Book Discussion: The Recognitions

Another week, another party. Do people actually have Christmas parties on Christmas Eve? I wish I knew such people. The only thing I ever manage to do the day before Christmas is catch a movie. It always seems as though friends have other plans, typically with family. Ah, but we should know better than that bit of sentimentality, whether it be borne of “disciplined nostalgia” (p. 672) or intemperant familial bondage, having an enduring role in The Recognitions.

Indeed, it seems that in this week’s reading, amidst the operatic backdrop of Wyatt’s formal severing of ties with his counterfeit operation there is a more subtle dissolution of family. By the end of part II, Wyatt is completely alone. He is already estranged from his father, but this estrangement is solidified by Rev. Gwyon’s institutionalization and death. His surrogate family, Brown & Valentine, are (respectively) dead and mortally wounded. And Esme, Wyatt’s Stabat Mater, is both physically and mentally missing.

As ever, Otto seems to serve as a kind of parallel to Wyatt. Like Wyatt, Otto has already rejected Esther and lost Esme (if he ever had her). In this week’s reading, though, the familial decay continues. Not only does Otto discover that his “father” gave him counterfeit money, thus destroying at least one aspect of the illusion constructed in their bizarre meeting, but his real father, Mr. Pivner, adopts a new “son,” apparently giving up on ever actually meeting Otto. Fittingly, Otto is left to roam alone the frozen hell that is New York City. This sets up one of my favorite sentences in the novel: “He stood numb, surrounded by ice, among the frozen giants of buildings, as though to dare a step would send him head over heels in a night with neither hope of morning to come nor heaven’s betrayal of its triumphal presence, in the stars.” (p. 699)

On a perhaps more mundane level of analysis, I was delighted once again by Gaddis’ eye & ear for the banality at the heart of formal sociality. He is arguably being corrosively cynical, but I think saying such misses the mark. Gaddis is having a good deal of fun at his party-goers expense, to be sure, but one must at least consider the pragmatic merits of Valentine’s ambivalent appeal to ugliness?

Do you think they knew the difference between what was bizarre and what was beautiful?that their vulgar ostentation didn’t stifle beauty everywhere, everywhere? the way its doing today? Yes, damn it, listen to me now, and swear by all that’s ugly! Do you think any painter did anything but hire himself out? These fine altarpieces, do you think they glorified anyone but the vulgar men who commissioned them? Do you think a van Eyck didn’t curse having to whore away his genius, to waste his talents on all sorts of vulgar celebrations, at the mercy of people he hated? (p. 690)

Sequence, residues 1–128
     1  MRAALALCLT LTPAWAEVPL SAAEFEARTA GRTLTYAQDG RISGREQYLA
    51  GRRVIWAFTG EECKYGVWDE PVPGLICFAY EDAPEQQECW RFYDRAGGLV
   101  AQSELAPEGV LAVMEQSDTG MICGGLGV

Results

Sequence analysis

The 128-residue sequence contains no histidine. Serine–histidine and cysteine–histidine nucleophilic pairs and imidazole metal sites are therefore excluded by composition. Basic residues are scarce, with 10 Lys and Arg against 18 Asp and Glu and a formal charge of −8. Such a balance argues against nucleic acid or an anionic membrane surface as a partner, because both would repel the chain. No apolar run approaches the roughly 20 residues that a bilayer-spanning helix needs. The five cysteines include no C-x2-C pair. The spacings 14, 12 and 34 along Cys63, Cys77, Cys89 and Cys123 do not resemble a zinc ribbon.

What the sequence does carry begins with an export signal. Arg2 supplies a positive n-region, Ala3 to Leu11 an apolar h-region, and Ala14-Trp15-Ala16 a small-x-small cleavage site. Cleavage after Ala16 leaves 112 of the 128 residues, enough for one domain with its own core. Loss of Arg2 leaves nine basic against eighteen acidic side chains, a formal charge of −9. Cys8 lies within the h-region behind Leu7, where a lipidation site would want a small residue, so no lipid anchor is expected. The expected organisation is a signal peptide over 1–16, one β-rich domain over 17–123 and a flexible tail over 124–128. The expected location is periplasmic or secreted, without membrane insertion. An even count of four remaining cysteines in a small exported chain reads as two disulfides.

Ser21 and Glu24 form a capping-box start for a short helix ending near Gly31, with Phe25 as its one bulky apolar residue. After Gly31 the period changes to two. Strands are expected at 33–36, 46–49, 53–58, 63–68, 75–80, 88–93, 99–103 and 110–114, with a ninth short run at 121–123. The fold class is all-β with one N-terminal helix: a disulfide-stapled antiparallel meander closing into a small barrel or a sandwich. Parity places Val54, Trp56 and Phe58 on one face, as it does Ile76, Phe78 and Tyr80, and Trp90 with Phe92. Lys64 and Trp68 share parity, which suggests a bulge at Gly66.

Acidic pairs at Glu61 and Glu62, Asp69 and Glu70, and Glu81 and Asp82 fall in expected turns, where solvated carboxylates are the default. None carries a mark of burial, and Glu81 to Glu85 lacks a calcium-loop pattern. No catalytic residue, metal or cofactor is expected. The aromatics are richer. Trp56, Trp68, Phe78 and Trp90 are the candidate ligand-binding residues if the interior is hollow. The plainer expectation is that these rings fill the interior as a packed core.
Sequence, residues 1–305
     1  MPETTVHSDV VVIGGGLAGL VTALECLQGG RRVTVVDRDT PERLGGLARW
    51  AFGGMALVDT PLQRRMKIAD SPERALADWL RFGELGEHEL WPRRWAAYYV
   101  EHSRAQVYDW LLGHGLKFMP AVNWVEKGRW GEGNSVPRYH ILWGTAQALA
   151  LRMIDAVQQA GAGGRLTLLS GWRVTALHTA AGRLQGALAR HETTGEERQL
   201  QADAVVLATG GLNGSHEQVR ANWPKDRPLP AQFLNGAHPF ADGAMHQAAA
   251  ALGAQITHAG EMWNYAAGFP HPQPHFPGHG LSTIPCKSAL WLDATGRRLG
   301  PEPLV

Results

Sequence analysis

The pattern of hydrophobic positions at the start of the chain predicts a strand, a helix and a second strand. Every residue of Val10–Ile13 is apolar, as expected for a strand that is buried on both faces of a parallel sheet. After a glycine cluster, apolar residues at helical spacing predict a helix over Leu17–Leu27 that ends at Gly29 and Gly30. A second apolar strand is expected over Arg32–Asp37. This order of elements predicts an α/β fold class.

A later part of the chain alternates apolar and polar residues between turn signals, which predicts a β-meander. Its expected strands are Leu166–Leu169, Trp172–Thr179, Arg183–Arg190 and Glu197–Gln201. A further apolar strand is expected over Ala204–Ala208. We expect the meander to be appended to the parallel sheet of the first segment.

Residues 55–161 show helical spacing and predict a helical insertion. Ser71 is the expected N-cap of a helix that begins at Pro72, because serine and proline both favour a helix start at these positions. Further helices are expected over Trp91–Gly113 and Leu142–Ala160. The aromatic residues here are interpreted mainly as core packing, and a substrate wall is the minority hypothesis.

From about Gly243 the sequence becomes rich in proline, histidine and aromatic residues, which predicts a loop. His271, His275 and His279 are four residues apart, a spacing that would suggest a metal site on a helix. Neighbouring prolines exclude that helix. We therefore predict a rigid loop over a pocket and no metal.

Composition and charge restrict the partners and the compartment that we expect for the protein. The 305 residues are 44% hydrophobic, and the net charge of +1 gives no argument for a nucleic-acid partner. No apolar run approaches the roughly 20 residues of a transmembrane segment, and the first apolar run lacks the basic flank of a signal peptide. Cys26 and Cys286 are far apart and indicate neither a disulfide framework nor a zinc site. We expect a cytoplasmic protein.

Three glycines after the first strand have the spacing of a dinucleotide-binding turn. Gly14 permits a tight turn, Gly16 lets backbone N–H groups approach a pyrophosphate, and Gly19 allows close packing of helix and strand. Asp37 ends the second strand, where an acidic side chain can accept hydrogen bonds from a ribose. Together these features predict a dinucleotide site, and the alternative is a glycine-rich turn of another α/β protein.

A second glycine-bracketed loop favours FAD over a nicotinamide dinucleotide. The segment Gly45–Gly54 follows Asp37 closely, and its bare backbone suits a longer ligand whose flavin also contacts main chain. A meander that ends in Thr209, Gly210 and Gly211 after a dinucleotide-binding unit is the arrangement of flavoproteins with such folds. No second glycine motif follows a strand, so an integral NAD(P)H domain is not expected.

This is second-order cynicism, we might say. Cynicism about cynicism — ugly acquiescence to ugliness. This will not have the final say: for now, suffice it to say, on the one hand, we would be naive to not see its internal appeal, and blind not to see its debilitating effects. (One need only look at Senate Democrats and most A-list liberal bloggers to see what I mean here.)

The numerous party scenes throughout The Recognitions give us a hint at the debilitating effects of this kind of “vulgarity.” Most notably, perhaps, is the complete decay of communication. Not merely in misunderstanding, as on some level this implies an attempt to understand — e.g., one of my favorite passages from chapter eight, “The bearded young art critic was speaking in French, managing it with such urbanity, indeed, that his little friend . . . told him later, with demure awe, that he had not been able to understand a word of it; no marvel of ignominy, really, for the harassed Lyonnais who was listening could not understand a word of it either . . .” — but, as we see exemplified by Valentine throughout the party, in making more of an attempt not even to listen, or, as exemplified by nearly everybody else, listening only for conversational cues to say something long ago prescribed by social form or expectation. (This is bordering on, if not altogether jumping straight into, wankery, but the latter seems akin to signing your name to the books of other, like Mr. Feddle.)

Again, as vulgar as this is, we probably err to say it is absolutely negative or evil. A coin’s not counterfeit if everybody knowingly accepts it, as currency and as counterfeit, right? A forgery is only as good as the source to which it makes its appeal.  “Thank God there was the gold to forge.” (p. 689)

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